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One of the toughest motivational challenges faced by managers is how to motivate
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LaTrobe University

Faculty of Law and Management

School of Management

MGT1FOM: Foundations of Management

Tutorial Review Questions: Answer Guide

Topic 9: Theories of Motivation


Low-paid service workers are a motivational problem

for many organisations.

Consider the ill-trained and poorly motivated X-ray

machine operators trying

to detect weapons in airports. How might these peop

le be motivated to reduce

boredom and increase their vigilance?

One of the toughest motivational challenges faced b

y managers is how to motivate

unskilled workers undertaking repetitive jobs for l

ow pay. Offering more pay is usually

not a realistic option. In fact, Herzberg would arg

ue that extrinsic factors such as pay

(‘hygiene factors’) are not necessarily the key iss

ue anyway. Intrinsic factors that

influence job satisfaction (‘motivators’), such as

achievement, recognition,

responsibility and opportunity for growth, may also

play a part. One way to enhance

motivation would be to introduce an employee recogn

ition program, such as an

‘employee of the month’ award plus an annual employ

ee performance award ceremony.

Perhaps changing their job titles from X-ray machin

e operators to Security Patrol

Officers would be helpful (status). Give the employ

ees decision making authority

(responsibility) to take action when potentially ha

zardous items are detected (ensuring

they are properly trained first). Make them respons

ible for themselves. Positive

reinforcement such as sincere ‘pats on the back’ by

management and others would also

contribute to motivation in this situation.


One small company recognises an employee of the mon

th, who is given a

parking spot next to the CEO’s space near the front

door. What theories would

explain the positive motivation associated with thi

s policy?

An ‘employee of the month’ is a common form of empl

oyee recognition, particularly in

service organisations. Using Maslow’s hierarchy of

needs, this recognition would


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satisfy the high-level need of esteem, and thus be

an appropriate reward if trying to

motivate workers seeking to satisfy this level of n

eeds. In terms of Herzberg’s two-

factor theory, recognition is categorised as a moti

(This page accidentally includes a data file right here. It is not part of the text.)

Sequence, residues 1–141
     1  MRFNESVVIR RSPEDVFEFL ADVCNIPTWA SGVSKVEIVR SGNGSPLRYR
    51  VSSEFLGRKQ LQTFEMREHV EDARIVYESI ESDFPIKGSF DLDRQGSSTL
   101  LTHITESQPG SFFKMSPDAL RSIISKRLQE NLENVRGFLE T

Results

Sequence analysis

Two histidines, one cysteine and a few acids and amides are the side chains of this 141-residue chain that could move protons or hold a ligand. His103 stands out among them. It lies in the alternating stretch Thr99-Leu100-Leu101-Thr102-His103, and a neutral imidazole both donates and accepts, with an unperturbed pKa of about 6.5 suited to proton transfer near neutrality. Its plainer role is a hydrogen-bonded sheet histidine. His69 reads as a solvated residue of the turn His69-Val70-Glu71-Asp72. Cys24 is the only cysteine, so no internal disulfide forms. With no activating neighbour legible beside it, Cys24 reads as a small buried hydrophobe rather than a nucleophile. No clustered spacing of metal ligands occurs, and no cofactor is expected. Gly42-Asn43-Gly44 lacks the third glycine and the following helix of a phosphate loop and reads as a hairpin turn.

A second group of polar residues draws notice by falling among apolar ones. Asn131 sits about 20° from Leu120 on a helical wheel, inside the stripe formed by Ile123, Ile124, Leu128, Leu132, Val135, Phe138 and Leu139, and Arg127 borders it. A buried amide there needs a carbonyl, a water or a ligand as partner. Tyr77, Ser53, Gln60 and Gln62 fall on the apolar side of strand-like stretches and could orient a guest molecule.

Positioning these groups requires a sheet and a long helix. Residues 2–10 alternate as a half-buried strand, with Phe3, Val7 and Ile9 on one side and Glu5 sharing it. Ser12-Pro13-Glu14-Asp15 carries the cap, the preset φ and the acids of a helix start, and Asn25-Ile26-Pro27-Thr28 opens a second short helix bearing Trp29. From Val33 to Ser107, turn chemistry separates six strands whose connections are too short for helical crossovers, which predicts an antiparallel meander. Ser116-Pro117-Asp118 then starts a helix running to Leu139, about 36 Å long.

vator, and thus positively influences

the level of employee satisfaction. In terms of rei

nforcement theory, this recognition is

an example of positive reinforcement, a pleasant an

d rewarding consequence of desired

behaviour. In expectancy theory language, if the em

ployee of the month award and the

associated parking space are viewed as a valued or

desired outcome (i.e. high valence)

and have been the expected outcome of successful pe

rformance (i.e. P–O expectancy)

by the recipient, then this has a positive influenc

e on motivation.


A survey of teachers found that two of the most imp

ortant rewards were the

belief that their work was important and a feeling

of accomplishment. Is this

consistent with Hackman and Oldham’s job characteri

stics model?

Hackman and Oldham’s job characteristics model has

been developed to guide

managers in applying job enrichment in their organi

sations. Teaching would score high

on the core job dimensions of skill variety, task i

dentity, task significance and feedback.

These latter two dimensions are related to the teac

hers’ belief that their work is

important and their feeling of accomplishment. Teac

hers are also likely to have at least

a moderate degree of autonomy. In terms of the crit

ical psychological states, the

teachers obviously find their work satisfying and i

ntrinsically rewarding (‘experienced

meaningfulness of work’). They would also likely ex

perience at least a moderate degree

of responsibility for work outcomes, and would know

the results of the work and thus

be able to change their work performance (e.g. unde

rtake additional training to improve

their skills) to increase their desired outcomes. M

oreover, teachers would likely be high

in terms of ‘employee growth-need strength’, meanin

g they have a desire for personal

challenge, growth and development, so that the core

job dimensions are especially

effective in meeting these needs. Thus, it would be

reasonable to determine that the

survey findings are consistent with Hackman and Old

ham’s job characteristics model.


The teachers in Question 7 also reported that pay a

nd benefits were poor yet

they continued to teach. Use Herzberg’s two-factor

theory to explain this


The teachers feel that the hygiene factors in the t

eaching job are poor. Of course,

hygiene factors are probably good enough to meet th

eir basic needs, but perhaps pay

and benefits are not as high as in other jobs held

by university graduates. Moreover,


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